Nutrition Articles

Why Pasta Isn't Your Enemy

Do You Really Have to Give Up Pasta to Lose Weight?

There's a rumor going around, and it's one that's rooted in years of fad diets and conflicting information. If you've worked to eat healthy, dieted in any way or had access to the internet you've probably heard it—pasta is your waistline's enemy. Many diets even play into this idea—encouraging participants to eliminate not just pasta, but all grains from his or her meal plan.

But guess what? If you love pasta, you don't have to give it up. In fact, you may find that pasta is actually a great addition to your weight loss or overall wellness plan. This may seem odd given the negative reputation grain-based foods have taken on over the years, from the low-carb craze spurred by the popularity of the Atkins diet to the current Paleo and Whole30 craze. Take a quick look around online and it won't take you long to discover the controversy surrounding these sorts of foods. Critics argue that they are overly processed, stripped of their nutrients, that they aren't what our ancestors ate and they must play a role in the obesity epidemic.

Over the years, pasta has been vilified for a variety of reasons, sure, but the truth is that flaws can be found in all foods we eat—even those foods that seem "super" aren't perfect. Unfortunately, when we try to classify foods into "good" and "bad" categories, we find ourselves not only missing out on potentially beneficial food options, but we tend to also miss the point completely on why we eat and how our foods work together.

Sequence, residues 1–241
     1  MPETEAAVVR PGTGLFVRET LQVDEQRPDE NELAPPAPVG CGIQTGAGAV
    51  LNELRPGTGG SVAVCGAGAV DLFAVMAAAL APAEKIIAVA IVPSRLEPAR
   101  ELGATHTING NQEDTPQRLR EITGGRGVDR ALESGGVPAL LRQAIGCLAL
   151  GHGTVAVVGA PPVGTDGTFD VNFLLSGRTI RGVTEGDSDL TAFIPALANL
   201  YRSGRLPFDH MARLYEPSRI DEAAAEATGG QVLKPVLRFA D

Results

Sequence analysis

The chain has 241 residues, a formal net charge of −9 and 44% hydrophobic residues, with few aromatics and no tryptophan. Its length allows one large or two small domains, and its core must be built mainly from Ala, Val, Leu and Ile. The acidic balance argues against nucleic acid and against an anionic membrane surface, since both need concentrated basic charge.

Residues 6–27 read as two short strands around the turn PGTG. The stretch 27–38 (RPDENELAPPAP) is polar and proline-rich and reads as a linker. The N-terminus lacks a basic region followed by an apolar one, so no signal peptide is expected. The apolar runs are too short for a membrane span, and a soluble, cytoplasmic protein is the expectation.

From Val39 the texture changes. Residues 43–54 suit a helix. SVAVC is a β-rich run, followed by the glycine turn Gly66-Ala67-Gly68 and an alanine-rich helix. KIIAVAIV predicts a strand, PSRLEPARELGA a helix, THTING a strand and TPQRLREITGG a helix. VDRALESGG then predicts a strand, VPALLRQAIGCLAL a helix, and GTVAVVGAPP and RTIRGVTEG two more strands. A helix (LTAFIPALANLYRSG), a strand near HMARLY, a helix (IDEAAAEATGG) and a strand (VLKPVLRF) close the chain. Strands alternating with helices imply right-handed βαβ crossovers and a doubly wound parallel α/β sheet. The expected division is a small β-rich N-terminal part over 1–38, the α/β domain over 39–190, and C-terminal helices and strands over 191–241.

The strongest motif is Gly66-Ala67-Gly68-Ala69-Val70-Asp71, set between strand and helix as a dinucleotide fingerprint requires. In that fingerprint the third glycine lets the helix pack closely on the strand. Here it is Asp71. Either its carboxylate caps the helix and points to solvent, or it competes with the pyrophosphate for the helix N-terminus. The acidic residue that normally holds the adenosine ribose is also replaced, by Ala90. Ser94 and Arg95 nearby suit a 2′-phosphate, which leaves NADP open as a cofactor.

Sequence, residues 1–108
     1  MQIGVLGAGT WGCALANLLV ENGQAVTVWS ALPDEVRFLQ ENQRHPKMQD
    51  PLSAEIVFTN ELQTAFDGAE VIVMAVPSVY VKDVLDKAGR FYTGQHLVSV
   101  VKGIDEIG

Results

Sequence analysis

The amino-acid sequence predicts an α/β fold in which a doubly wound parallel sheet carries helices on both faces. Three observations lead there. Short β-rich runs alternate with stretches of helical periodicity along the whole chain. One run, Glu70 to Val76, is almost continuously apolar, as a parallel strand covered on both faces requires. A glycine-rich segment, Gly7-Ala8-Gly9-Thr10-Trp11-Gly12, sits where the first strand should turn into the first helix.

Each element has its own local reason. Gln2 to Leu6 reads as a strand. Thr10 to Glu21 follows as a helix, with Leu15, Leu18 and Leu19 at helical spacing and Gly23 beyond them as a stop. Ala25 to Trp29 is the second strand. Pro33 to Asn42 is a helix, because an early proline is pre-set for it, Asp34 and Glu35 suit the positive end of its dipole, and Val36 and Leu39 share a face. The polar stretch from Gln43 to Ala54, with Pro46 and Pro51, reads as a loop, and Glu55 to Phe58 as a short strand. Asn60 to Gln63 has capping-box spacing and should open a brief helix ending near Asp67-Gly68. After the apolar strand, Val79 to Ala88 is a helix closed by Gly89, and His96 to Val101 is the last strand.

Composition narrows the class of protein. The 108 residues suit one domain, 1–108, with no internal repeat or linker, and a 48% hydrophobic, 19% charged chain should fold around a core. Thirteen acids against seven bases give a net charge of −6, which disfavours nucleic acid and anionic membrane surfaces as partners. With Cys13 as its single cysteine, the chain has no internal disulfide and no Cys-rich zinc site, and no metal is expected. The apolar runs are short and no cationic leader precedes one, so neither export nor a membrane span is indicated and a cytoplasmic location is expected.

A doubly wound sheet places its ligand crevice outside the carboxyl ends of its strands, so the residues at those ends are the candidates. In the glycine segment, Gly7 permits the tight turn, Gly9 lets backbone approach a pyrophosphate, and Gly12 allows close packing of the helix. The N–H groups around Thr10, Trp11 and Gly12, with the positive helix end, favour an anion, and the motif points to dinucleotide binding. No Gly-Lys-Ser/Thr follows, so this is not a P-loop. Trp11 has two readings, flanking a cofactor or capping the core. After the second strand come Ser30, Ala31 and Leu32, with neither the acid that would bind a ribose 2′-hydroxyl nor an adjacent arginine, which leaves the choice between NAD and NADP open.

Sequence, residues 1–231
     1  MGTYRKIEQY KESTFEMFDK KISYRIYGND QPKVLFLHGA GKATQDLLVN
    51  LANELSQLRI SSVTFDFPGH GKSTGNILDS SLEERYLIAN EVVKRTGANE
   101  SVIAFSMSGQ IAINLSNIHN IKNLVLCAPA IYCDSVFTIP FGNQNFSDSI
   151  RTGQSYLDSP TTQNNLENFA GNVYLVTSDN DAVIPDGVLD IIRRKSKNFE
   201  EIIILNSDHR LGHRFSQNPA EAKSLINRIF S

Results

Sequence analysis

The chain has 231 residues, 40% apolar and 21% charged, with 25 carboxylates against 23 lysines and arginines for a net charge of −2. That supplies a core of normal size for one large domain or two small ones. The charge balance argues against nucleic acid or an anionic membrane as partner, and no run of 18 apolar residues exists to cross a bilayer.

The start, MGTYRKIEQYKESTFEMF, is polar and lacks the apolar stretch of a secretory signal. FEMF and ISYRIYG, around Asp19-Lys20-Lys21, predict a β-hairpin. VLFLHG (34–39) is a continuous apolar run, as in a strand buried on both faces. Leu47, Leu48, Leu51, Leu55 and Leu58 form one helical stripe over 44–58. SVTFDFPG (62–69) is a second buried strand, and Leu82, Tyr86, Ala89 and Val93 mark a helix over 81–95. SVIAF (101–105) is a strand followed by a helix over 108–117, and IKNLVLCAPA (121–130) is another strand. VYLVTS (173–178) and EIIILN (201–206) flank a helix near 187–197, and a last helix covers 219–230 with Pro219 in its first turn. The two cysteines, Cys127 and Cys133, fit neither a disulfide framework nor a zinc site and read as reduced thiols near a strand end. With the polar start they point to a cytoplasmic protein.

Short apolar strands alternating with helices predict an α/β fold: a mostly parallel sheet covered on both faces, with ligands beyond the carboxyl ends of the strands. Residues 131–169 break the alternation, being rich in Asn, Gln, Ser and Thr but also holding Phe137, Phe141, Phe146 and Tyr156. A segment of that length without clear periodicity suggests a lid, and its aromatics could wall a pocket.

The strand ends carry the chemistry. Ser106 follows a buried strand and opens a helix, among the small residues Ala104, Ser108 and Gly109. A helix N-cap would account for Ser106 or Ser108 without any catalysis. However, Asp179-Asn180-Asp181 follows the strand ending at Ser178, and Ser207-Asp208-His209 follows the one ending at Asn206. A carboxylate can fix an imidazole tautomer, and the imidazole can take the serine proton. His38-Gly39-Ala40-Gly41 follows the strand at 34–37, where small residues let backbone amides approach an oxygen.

Although there are many reasons why people may eliminate pasta from their meal plan, registered dietitians often hear the same concerns from clients time after time. It often boils down to its role in weight management, its supposed lack of nutrients and the seemingly poor value it offers your meal plan. Of the myriad of health-based reasons people think they're wary of pasta, four stand out among the others.

1. Pasta is fattening. Believe it or not, pasta is not fattening on its own. In fact, no individual serving of any food is going to be solely responsible for weight gain to occur. Instead, eating beyond your calorie needs consistently, no matter they type of foods you eat, is a much more accurate point of view when it comes to placing the blame. Many diets do focus on limiting carbohydrate-based foods because they provide calories to your meal plan and in the typical American diet it can be easy to overeat foods from this category. Keep in mind that a healthy diet still comes down to overall intake, not just your grain-based foods or carbohydrates.